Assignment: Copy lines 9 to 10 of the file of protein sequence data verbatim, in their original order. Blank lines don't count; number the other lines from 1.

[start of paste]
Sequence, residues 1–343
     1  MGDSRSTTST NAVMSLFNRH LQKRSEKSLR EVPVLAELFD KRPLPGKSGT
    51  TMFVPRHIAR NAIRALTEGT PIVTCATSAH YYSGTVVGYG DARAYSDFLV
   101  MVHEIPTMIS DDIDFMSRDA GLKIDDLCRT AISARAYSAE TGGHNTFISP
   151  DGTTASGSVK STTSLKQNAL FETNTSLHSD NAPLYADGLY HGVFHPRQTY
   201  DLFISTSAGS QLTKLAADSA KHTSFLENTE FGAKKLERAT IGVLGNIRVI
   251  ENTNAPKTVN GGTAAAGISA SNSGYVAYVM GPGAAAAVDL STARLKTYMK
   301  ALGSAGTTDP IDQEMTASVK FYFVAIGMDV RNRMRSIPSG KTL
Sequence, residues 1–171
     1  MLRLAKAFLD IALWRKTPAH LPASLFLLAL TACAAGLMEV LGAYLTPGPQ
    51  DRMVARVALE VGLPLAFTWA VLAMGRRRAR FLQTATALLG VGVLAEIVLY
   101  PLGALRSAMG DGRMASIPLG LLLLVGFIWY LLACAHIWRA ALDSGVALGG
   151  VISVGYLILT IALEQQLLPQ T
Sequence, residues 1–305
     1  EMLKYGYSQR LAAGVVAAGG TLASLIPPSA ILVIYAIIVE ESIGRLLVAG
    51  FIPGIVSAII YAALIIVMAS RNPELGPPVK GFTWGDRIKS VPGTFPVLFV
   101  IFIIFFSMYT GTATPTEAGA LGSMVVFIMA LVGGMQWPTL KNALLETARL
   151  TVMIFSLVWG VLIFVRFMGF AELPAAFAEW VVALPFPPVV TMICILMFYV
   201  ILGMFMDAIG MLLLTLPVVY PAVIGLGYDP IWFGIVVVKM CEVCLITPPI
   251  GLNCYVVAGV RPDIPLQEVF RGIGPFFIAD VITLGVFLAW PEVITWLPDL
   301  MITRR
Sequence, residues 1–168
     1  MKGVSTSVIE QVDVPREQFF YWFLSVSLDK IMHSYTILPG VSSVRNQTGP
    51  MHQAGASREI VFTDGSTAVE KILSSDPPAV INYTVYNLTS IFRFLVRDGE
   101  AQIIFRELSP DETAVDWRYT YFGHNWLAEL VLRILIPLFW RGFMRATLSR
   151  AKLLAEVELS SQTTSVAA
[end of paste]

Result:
Sequence, residues 1–171
     1  MLRLAKAFLD IALWRKTPAH LPASLFLLAL TACAAGLMEV LGAYLTPGPQ